There’s a scene where Tom Cruise and ‘child actor of the ages’ Dakota Fanning walk up to the ex-wife’s house up a street of brownstones in Boston. There’s a trashed city behind them, but looking at this street, unraked leaves substitute for actual destruction. The old money family walks to the front door, without so much as a smudge on the white Polo sweaters tied around their shoulders (at least have somebody’s arm in a sling! Jesus!). Suddenly, out of nowhere comes the hipster son who was not only believed dead, but earlier in the movie was calling his father an asshole. Father and son hug.

No, I didn’t mind the way in which the aliens were vanquished. I knew that microbes would be the downfall of the invaders and I thought that was done very well. But this was trying to be E.T. And what would a big-time sci-fi thriller be without Morgan Freeman?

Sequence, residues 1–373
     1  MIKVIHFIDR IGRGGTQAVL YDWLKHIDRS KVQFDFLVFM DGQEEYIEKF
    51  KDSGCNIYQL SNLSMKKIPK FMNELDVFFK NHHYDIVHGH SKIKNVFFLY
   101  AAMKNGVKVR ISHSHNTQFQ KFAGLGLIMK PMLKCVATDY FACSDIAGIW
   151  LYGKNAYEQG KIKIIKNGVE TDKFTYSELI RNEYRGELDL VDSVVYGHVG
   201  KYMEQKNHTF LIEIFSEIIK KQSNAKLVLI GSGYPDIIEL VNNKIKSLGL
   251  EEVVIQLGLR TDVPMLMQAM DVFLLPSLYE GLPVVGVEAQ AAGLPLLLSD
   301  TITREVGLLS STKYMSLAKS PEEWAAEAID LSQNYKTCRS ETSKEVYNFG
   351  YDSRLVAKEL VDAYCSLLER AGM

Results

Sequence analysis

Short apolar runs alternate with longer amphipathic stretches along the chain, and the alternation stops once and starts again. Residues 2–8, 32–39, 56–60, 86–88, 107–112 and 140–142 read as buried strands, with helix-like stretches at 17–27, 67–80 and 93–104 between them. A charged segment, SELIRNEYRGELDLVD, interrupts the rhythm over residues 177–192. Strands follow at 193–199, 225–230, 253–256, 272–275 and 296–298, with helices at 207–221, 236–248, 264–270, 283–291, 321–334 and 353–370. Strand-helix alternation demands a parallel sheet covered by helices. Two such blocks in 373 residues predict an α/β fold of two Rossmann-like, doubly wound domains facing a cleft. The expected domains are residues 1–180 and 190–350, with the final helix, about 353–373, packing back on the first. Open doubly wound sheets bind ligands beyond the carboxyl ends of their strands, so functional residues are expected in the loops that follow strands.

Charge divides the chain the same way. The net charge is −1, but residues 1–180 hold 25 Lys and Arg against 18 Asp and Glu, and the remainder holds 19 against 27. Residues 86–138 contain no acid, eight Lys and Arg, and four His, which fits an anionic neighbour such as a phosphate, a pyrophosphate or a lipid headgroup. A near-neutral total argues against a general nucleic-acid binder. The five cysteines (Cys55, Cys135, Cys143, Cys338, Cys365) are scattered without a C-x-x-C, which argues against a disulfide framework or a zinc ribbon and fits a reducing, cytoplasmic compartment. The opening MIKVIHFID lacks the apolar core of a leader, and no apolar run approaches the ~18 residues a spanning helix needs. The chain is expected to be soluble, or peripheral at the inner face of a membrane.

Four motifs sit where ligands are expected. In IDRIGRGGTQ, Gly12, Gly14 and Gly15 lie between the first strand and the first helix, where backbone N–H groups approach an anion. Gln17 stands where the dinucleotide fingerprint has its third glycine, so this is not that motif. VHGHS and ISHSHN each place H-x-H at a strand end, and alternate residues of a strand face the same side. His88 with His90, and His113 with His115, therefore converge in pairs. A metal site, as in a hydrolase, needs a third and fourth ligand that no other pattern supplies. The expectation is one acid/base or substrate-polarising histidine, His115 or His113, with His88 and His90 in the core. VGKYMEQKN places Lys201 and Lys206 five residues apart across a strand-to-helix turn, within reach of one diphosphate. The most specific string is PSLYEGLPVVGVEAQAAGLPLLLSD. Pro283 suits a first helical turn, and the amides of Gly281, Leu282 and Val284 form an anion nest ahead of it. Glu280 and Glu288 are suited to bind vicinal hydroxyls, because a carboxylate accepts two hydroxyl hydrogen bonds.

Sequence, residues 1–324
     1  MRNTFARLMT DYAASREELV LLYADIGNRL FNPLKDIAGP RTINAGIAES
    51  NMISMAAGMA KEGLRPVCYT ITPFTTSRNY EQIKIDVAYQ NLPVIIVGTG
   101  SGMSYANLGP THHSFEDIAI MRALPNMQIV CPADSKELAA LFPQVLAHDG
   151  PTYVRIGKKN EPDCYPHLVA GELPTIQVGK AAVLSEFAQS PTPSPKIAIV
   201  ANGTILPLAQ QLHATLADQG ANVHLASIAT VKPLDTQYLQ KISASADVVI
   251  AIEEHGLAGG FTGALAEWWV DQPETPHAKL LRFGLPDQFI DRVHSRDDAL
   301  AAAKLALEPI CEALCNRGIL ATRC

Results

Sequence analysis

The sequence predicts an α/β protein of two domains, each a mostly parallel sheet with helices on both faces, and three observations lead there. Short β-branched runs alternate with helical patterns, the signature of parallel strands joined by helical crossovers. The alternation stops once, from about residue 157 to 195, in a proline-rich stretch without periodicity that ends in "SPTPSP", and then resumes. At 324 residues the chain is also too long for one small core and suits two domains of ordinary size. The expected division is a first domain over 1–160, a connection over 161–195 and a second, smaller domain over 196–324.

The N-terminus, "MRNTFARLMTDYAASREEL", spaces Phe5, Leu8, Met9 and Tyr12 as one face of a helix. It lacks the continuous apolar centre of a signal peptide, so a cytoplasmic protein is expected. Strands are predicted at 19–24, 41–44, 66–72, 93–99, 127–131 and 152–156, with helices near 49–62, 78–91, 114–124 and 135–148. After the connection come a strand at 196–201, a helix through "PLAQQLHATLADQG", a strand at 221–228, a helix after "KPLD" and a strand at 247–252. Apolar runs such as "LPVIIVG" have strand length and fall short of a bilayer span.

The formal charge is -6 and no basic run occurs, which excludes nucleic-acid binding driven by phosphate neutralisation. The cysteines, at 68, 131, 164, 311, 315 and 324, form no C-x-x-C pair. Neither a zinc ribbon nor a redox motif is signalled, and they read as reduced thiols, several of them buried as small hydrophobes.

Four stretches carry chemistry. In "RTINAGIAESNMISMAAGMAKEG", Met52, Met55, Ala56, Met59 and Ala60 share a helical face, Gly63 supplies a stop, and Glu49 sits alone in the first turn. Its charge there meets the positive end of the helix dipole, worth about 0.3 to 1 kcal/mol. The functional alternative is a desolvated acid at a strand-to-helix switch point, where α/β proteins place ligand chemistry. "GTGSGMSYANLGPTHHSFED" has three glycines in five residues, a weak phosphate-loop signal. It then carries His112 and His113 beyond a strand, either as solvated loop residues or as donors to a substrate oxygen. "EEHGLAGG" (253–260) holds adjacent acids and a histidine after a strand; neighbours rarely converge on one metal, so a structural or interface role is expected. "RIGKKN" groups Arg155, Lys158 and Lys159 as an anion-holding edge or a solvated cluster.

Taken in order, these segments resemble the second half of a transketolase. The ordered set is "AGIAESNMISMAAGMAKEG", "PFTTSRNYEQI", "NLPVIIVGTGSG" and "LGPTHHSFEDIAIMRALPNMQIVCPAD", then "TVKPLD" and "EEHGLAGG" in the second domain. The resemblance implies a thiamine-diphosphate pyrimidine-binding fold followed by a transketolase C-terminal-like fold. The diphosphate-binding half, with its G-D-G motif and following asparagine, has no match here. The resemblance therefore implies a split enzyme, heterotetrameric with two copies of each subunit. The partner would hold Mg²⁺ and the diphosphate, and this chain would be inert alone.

I now know that the cheesedick element of the movie was inevitable. I know that, but the majority of the movie was spellbinding, almost debilitating, from a visual standpoint. It looked a lot like Minority Report, and the crazy hillbilly characters were at points too much, but the final product is great.

And now there’s the subject of Tom Cruise. This guy is like the Michael Jackson of Hollywood, as far as demented shit and bizarre situations are concerned. Doesn’t he want to wrestle Brooke Shields or something to settle a dispute over postpartum depression or something like that? I thought I heard he tried to shank Matt Lauer after an onscreen argument. Getting water thrown on him in London? That’s rich! But the guy made me forget what a nutjob he can be, so hey. Whatever floats his boat. If people do a good enough job at work and can separate their deranged private lives from leaking into a big movie, let them.

So personal politics of our former (and future?) foe aside, War of the Worlds is worth the price of admission. I’d say to check it out.